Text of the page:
Photographer Jon Wilkening is doing a 365 day project, where he offers up a print each day – and it costs whatever order it’s in. I got day number eight, so I paid $8. Day number 365 will be $365, etc.
Jon’s work is very cool. He does pinhole street photography, with interesting motion and abstract blurs. I waited for the right combination of light and colors for my print, and day eight has this lovely primary color scheme going on.
“Value is not held within the [physical] object,” Travis Shaffer writes. “Rather, it is the opportunity to stand before the work which we desire.”
Which is exactly why I’m a small-time collector of the photographs I enjoy. The idea of (a) supporting emerging artists and (b) collecting appealing work is reason enough to spend a little money of not-so-limited prints.
I don’t do it because it’s a potential investment. And I surely don’t do it to be Mr. Art Collector Guy.
A year ago, I made it a goal to print more of the photos I make. Prints, books, calendars — whatever. As long as they were physical things living in the real world, like photos used to be.
So far, it’s gone well. I made a photo book looking back at 2013 last January, and just received my book for 2014. I also signed up for Snapfish’s mobile app that lets you order 100 prints for free each month. All you do is pay $5 or so for shipping.
I use my local photo printer, too, to print film shots, and produce the high-quality 8x10s I can frame and give to family members.
What can I say? I’m old school.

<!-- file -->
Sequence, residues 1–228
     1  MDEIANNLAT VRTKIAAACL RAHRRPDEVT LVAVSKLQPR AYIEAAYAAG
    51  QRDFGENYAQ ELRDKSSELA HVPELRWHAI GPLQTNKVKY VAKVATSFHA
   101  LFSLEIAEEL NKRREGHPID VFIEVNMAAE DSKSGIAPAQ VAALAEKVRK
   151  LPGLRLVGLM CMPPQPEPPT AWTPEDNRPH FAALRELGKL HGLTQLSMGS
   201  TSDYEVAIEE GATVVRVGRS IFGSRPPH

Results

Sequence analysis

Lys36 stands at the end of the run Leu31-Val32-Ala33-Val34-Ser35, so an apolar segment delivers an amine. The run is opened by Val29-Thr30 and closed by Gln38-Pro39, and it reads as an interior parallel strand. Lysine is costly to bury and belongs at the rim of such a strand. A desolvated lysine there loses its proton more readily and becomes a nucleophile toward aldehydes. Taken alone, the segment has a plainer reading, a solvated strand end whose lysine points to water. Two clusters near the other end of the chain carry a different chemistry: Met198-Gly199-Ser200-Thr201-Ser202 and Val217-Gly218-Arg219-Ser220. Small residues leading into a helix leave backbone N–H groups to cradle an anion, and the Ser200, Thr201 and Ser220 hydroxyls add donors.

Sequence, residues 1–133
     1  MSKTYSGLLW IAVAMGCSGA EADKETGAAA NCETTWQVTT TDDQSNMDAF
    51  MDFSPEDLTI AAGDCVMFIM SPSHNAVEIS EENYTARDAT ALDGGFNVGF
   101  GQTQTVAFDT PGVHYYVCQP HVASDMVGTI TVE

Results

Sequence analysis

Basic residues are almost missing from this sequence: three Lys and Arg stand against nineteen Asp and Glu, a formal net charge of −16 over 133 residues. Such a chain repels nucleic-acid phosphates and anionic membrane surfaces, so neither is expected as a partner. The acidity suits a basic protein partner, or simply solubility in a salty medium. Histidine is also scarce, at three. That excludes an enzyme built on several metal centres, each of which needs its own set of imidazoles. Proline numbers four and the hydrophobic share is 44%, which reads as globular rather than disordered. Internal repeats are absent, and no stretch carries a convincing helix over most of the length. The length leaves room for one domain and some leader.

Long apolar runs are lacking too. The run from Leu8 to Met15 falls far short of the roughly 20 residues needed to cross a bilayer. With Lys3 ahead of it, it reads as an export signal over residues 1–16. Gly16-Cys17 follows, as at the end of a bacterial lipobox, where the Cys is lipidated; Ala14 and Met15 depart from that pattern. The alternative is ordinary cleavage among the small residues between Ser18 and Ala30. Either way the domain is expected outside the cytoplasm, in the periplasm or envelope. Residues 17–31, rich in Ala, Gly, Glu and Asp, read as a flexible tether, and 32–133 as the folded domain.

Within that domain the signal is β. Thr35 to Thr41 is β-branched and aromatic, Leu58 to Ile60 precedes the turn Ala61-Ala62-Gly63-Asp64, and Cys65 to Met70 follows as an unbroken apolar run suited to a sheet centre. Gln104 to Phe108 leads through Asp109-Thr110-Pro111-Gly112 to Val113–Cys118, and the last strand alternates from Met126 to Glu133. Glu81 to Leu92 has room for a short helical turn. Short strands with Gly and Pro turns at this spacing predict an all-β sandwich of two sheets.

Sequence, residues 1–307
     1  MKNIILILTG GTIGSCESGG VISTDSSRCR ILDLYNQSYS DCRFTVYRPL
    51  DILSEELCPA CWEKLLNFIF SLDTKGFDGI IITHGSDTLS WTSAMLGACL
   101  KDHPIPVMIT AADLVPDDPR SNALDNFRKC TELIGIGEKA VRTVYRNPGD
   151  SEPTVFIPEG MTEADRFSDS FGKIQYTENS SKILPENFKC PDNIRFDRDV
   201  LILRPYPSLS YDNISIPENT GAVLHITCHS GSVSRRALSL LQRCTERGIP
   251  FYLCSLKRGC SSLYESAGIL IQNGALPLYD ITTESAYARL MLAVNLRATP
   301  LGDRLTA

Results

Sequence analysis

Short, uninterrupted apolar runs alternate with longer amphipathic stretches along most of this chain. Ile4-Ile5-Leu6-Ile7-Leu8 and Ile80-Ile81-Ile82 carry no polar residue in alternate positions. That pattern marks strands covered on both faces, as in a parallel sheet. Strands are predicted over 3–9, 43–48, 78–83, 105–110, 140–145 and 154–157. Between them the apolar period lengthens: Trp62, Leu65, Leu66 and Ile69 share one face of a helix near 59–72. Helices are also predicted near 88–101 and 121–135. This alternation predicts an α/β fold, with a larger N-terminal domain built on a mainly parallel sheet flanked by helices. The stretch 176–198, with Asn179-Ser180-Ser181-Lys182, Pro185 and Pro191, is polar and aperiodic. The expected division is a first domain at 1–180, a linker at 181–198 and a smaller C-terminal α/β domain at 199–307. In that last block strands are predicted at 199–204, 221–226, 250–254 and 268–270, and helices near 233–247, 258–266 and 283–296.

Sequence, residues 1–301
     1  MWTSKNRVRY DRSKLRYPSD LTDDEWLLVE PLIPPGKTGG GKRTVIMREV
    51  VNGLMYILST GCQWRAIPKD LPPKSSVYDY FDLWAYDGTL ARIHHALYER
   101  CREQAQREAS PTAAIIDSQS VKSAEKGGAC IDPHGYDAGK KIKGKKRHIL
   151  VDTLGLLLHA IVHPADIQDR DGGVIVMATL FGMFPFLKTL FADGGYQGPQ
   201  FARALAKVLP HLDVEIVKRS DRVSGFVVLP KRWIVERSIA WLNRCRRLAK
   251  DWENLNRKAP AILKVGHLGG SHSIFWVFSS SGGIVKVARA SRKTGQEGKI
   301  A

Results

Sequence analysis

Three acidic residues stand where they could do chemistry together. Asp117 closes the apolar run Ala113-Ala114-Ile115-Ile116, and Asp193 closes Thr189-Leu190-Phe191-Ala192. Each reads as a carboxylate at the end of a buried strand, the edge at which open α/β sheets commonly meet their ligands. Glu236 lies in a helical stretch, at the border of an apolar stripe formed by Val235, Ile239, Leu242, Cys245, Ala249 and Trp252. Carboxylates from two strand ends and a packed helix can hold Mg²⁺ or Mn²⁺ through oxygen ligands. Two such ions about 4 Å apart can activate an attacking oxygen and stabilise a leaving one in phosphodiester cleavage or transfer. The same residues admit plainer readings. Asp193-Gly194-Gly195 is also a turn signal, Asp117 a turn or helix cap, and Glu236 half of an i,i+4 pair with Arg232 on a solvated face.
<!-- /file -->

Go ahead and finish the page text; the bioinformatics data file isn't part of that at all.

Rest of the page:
And I miss the feeling of flipping through photo albums. I printed photos religiously from high school through college, and have albums full of memories from that period of my life. It’s a personal history. I cherish those albums.
But in the digital age, prints have been few and far between. So I meant to fix that, and after a year of printing photos, I’m happy with my decision.
Now that I’m doing more film shooting, getting prints is a natural step, too. For every roll of film I drop off, I get the prints and the images scanned on CD.
I don’t have a good organizational system just yet, but I’m okay with that. A simple photo box full of prints is good enough for me.
As a side benefit, I can print photos of friends and give them out the next time I see them. It’s a little gift from me to them, and it didn’t cost me a thing except a shutter click. I also order photo calendars for my family each Christmas, full of photos from the past year. They look forward to the calendars each holiday season.
There aren’t many excuses these days for not printing your photos. Flickr is printing, VSCO will soon be printing, Apple and Snapfish let you get creative with your photo printing projects. Most of this you can do right from your phone.